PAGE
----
This home is ideal: father and mother faithfully together after twenty years of marriage; white frame house in upstate New York; children making good grades in the local school; warm fellowship at a sound evangelical church. And then Anne, the eighteen-year-old, who has just graduated from high school, announces that she is pregnant. Whatever is to be done? This is chaos. It doesn’t happen in families like ours. It can’t happen to us. I mean, we’re Christians. How shall we hold our heads up? How shall we respond? Shall we be furious? Grief-stricken? Mortified? Shall we hide her? Should we move?

This home, on the other hand, is not ideal: there has never been a father about—only a succession of men; roaches scuttle among the drainpipes under the sink in one corner of the fourth-floor walk-up in Manhattan; the children are pushed from one grade to the next in the local school without ever learning to read; church is a word that doesn’t mean much of anything. When Lucille finds that she is pregnant, it isn’t even worth an announcement; one more baby in the house is nothing new, and half the girls she knows get pregnant by the time they are eighteen.

Two situations, very similar, very different. In both of them, some pressing questions are raised. The questions appear on at least three levels: the practical (where shall the girl go to have her baby? how will it be financed? what ought to be done with the baby?); the psychological (who will be a friend and confidante to the expectant mother? who will advise her? who will listen to her side of things—her feelings and hopes and fears?); and the moral (what about all this business of random sexuality? what about pre-marital sex? is there a question of good and evil involved here?). What sort of answers would Christians give to these questions?

This is an era when it is popular to say that there are no “easy answers.” That can mean two things: either that the answer is clear enough but very difficult to attain, or that we don’t know what the answer is to begin with. It is common enough to hear the Church protesting that it is not offering easy answers to the world; the vehemence of the protest arises partly, it would seem, from a certain embarrassment over having gotten ourselves a bad reputation in the world by standing apart from the agony of men and shouting “Ye must be born again!” at them. The fear that this reputation may be all too accurate has led some Christians to forswear all “God talk” and to address themselves entirely to the immediate material, psychological, and social needs of men. The evangelical section of the Church, however, cannot do this, convinced as it is that when the chips are down, no amount of sunshine and soap and security and money will quite do the trick, since we are creatures that really are made for God.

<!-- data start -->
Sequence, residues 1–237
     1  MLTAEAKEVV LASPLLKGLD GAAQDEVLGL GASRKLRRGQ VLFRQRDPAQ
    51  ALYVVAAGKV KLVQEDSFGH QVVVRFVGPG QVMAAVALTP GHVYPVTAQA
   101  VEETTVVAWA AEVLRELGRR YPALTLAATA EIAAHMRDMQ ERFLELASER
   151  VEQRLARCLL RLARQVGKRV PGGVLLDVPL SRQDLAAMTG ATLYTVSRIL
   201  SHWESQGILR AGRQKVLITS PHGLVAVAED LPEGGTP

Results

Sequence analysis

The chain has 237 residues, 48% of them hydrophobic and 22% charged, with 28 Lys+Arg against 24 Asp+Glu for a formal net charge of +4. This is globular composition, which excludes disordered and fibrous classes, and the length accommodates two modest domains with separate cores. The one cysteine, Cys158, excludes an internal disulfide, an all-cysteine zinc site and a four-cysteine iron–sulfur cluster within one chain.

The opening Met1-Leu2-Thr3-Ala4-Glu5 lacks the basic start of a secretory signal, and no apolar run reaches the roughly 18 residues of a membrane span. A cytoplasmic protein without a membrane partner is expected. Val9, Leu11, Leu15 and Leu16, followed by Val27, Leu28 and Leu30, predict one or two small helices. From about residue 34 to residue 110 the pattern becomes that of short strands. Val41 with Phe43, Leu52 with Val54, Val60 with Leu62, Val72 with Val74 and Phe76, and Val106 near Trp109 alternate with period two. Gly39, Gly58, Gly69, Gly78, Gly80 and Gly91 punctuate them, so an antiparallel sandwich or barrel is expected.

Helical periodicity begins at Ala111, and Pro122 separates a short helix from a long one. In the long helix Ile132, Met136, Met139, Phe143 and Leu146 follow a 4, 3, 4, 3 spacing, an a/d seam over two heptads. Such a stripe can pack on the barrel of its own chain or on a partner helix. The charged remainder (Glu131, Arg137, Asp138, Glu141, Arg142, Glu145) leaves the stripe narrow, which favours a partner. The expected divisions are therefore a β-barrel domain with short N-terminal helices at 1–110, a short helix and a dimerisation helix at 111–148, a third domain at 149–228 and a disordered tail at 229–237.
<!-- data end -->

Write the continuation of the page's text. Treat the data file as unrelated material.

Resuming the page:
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The jostling claims of time and eternity never seem to be wholly settled, and perhaps this is good. Perhaps it keeps us awake and alive and pressing ourselves with hard questions as to our priorities. And perhaps it forces us to learn and keep on learning what a great mystery the Incarnation is—that great event in which time and eternity, flesh and spirit, earth and heaven, met and were caught into each other. But it keeps coming down to questions like whether we shall use social work and medicine, say, as lures to get men where we can “give them the Gospel,” or whether we should put our efforts first of all into preaching and witnessing, with the idea that, once a man knows God, other problems appear in their proper perspective.